Saturday, July 31, 2010

Photo Gallery -- Snake country -- Courtesy: Lilly Senn

This is proof, we are living in rattlesnake country and we are sharing our lives with them. 4 rattlers in two days......Hansruedi is busy collecting them.




Friday, July 30, 2010

Water issues - Mayor Garlick's letter to water customers.

I am writing this letter in response to the recent conversion of Coldstream Residents from Kal Lake water source to the Duteau Creek Water source (former VID). It may not be an easy read. I know it will not satisfy you, but I believe it is important for residents to try and understand. Please be patient for I will get to the part that concerns you directly as soon as possible.

I will start with some background on the history of the original water utilities involved and then move into the recent events that have lead to this move. I will point out here that no one person is responsible for this change. It is the result of a series of events that have left us with no options at this time. In addition, I can sympathies with your concerns since I have been on Duteau Creek water for 15 years, but it was my choice and not imposed upon me.

The three major original water utilities in the Greater Vernon Area were, the Vernon Irrigation District (VID), serving lands in Coldstream, the City of Vernon, Swan Lake and BX), the District of Coldstream domestic water system, and the City of Vernon domestic water system. The VID originally served only irrigation needs. The District of Coldstream and City of Vernon served the domestic needs and yard watering in summer for the most part. The VID was governed by a board of the water users, The District of Coldstream and City of Vernon systems by there local councils separately.

The VID began including domestic customers onto their system in large numbers in the 1970's. Until this time, households in the Coldstream area where usually served by the Coldstream domestic system in their homes and VID water for irrigation. We then began a rash of developments through the following decades served by VID water. The Tassie Drive area was not one of these.

Until the early 70's the Coldstream domestic system had two main sources, and intake on Coldstream Creek in Noble Canyon in Lavington and Antwerp Springs in Lavington. The water flowed from Lavington through the pipes toward Kal Lake serving residents along the way. A second small pump house and reservoir served residents only on the west side of Kal Lake. In the 1970's the District of Coldstream applied for and received licence on Kal Lake. A pump house was built at the end of Coldstream Creek to provide additional water into this same Coldstream domestic system. The three sources served the residents along the line. The water coming out of your tap depended on the use at any given time. It was possible for water for Antwerp Springs and Coldstream Creek to reach the Tassie area during high demand times or if servicing required the Coldstream pump house on Kal Lake to be shut down.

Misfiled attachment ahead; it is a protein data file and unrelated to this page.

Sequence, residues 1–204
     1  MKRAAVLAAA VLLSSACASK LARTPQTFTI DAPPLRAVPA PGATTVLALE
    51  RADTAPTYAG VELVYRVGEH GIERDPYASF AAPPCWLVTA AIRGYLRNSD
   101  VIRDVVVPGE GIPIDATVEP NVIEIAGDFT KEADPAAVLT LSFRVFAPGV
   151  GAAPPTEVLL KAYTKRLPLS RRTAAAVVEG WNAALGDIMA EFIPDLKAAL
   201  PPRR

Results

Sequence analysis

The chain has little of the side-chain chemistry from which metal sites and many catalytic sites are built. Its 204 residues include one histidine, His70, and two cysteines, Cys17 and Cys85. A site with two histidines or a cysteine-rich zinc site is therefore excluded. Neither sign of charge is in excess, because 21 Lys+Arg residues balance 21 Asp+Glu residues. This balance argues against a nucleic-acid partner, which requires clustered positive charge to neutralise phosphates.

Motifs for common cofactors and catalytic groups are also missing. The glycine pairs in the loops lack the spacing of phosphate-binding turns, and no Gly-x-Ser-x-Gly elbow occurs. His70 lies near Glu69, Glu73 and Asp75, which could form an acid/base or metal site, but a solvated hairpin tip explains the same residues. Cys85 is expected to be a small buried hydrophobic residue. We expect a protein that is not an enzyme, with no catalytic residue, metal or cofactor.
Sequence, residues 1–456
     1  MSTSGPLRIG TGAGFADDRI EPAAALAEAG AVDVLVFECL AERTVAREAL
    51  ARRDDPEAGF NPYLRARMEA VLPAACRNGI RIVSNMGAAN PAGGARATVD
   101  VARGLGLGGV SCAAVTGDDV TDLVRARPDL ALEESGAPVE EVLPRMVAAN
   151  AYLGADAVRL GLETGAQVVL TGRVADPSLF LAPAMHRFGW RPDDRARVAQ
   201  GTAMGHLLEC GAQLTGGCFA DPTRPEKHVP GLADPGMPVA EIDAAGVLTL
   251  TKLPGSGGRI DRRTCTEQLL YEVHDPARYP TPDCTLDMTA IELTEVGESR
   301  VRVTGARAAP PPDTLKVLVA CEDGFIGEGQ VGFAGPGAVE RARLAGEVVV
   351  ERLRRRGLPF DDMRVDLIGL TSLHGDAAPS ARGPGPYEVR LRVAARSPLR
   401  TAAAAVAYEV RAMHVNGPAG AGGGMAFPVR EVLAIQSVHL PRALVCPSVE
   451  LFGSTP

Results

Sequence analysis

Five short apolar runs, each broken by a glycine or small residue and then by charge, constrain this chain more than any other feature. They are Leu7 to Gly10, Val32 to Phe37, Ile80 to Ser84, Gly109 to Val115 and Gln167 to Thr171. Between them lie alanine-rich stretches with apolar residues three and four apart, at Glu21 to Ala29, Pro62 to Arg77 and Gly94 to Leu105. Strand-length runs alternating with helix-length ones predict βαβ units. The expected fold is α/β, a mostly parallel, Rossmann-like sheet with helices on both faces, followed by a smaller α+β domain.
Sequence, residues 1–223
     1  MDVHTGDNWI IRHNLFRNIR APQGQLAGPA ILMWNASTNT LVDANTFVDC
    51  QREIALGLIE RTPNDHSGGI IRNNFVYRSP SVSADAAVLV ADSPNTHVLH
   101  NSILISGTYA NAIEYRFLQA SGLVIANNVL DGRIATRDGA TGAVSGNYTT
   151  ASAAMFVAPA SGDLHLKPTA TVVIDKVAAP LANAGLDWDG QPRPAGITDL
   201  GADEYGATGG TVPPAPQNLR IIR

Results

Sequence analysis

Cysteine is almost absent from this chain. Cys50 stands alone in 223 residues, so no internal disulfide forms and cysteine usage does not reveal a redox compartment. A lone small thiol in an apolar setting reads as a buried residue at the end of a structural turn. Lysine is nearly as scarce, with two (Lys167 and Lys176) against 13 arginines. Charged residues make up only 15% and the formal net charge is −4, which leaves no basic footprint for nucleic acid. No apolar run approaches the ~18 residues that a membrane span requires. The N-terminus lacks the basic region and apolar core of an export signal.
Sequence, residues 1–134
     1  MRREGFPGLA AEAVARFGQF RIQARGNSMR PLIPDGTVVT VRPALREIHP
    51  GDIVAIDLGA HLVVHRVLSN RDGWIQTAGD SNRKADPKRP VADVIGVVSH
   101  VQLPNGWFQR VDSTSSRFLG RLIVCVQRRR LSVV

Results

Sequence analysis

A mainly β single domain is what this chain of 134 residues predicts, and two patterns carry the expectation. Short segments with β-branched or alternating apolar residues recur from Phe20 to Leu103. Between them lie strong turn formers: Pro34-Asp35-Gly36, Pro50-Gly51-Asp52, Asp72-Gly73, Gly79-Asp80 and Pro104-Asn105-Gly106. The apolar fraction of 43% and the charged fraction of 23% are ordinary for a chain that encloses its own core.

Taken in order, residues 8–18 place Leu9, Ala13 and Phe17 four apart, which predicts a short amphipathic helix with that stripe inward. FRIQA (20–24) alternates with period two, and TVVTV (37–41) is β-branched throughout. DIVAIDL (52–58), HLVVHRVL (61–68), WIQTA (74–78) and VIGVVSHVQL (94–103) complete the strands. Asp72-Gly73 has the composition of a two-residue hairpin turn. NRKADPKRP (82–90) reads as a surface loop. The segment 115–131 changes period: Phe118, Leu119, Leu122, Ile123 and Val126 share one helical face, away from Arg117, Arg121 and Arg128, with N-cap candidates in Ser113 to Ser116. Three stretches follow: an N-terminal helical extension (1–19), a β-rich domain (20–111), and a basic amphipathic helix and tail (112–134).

In the 1990's the intake on Coldstream Creek was shut down. A high water runoff year and land slide in Noble Canyon damaged the intake. This resulted in council of the day deciding not to repair the intake and depend on Antwerp Springs and the pump house on Kal Lake for supply of the Coldstream domestic system. In the 1980's concerns had already begun over the need for additional access to water from Kal Lake by Coldstream. A pump house location was considered at Lisheen Estates with a reservoir agreed to in principle in Kal Park. The Council of the day never proceeded with these plans.

In the 90's the City of Vernon also began to have water concerns. The city, like Coldstream, also had residents on VID water through new development they originally had or annexed in form BX or Swan Lake. Vernon also began to realise that they were running out of water licence on their only real water source which was also Kal Lake. In order to get around this the city began to use a large water licence which was held by the VID to convert customers. This however had limitations and a looming water shortage for the city was evident after the Province of BC informed them that Vernon would not be provided with additional water licence on Kal Lake or Okanagan Lake. The only major water licence available was through partnerships with the VID (which had now been converted into the North Okanagan Water Authority, NOWA, operated out of NORD serving the same VID customers) and the District of Coldstream which had excess water licence. The District of Coldstream, Swan Lake, and BX had concerns because of higher water quality requirements imposed on water utilities by the Province of BC (Interior Health, IHA) which required large amounts of money to be spent.